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Welcome to William Schoell's GREAT OLD MOVIES blog. Feel free to leave a comment regardless of the date the review was posted -- I read 'em all. Or if you prefer -- and especially if you have any questions directly for me -- email me at tawses67424@mypacks.net and I'll get back to you as soon as I can. Click on a label link (labels can be found at the bottom of each post) to find other movies from that year, the star, that director or genre and so on. Or enter a title, director, genre, star or supporting player in the small Blogger "search blog" box at the far left up above and click search blog. [NOTE: While this blog mostly reviews films -- and TV shows -- that are at least twenty-five years old, we do cover films up until the present day.] HAVE FUN AND THANKS FOR DROPPING BY. William.

Thursday, November 29, 2012

THE FLAME OF NEW ORLEANS

Marlene Dietrich and Theresa Harris
THE FLAME OF NEW ORLEANS (1941). Director: Rene Clair.

In old New Orleans lady of leisure Countess Claire (Marlene Dietrich) has set her cap for the wealthy older banker Charles Giraud (Roland Young). But Claire has left behind quite a reputation in St. Petersburg, and to deflect Giraud's suspicion she also pretends to be another notorious woman from Russia, Claire's lookalike and [kind of] cousin, Lily. Complicating matters is a lusty sailor named Robert Latour (Bruce Cabot), who has an eye for Claire (and Lili)  and vice versa. One could say that Flame of New Orleans is Dietrich's Two-Faced Woman [in which Greta Garbo pretended to be two different women] not just because of the plot but because Flame is similarly mediocre. However, the actors, especially a surprising Cabot, all do a good job, and they are backed by such stalwarts as Franklin Pangborn, Mischa Auer, Anne Revere, Laura Hope Crews, Andy Devine, and a host of talented black actors, including Theresa Harris [Baby Face] as Clarie's saucy, sexy maid Clementine. However, the film is predictable and not as much fun as it sounds. Clair also directed It Happened Tomorrow.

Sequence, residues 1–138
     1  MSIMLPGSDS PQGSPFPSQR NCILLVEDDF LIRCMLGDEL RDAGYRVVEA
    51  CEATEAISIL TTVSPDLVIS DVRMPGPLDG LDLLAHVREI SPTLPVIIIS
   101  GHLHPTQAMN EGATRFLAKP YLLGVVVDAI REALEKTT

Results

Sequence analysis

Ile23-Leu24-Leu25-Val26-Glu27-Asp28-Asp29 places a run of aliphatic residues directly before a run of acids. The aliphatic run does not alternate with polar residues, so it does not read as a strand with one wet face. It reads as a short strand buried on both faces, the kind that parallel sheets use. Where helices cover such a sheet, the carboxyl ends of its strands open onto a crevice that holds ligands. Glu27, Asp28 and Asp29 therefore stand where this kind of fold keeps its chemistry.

Verdict: Pleasant in many ways but minor. **1/2.  

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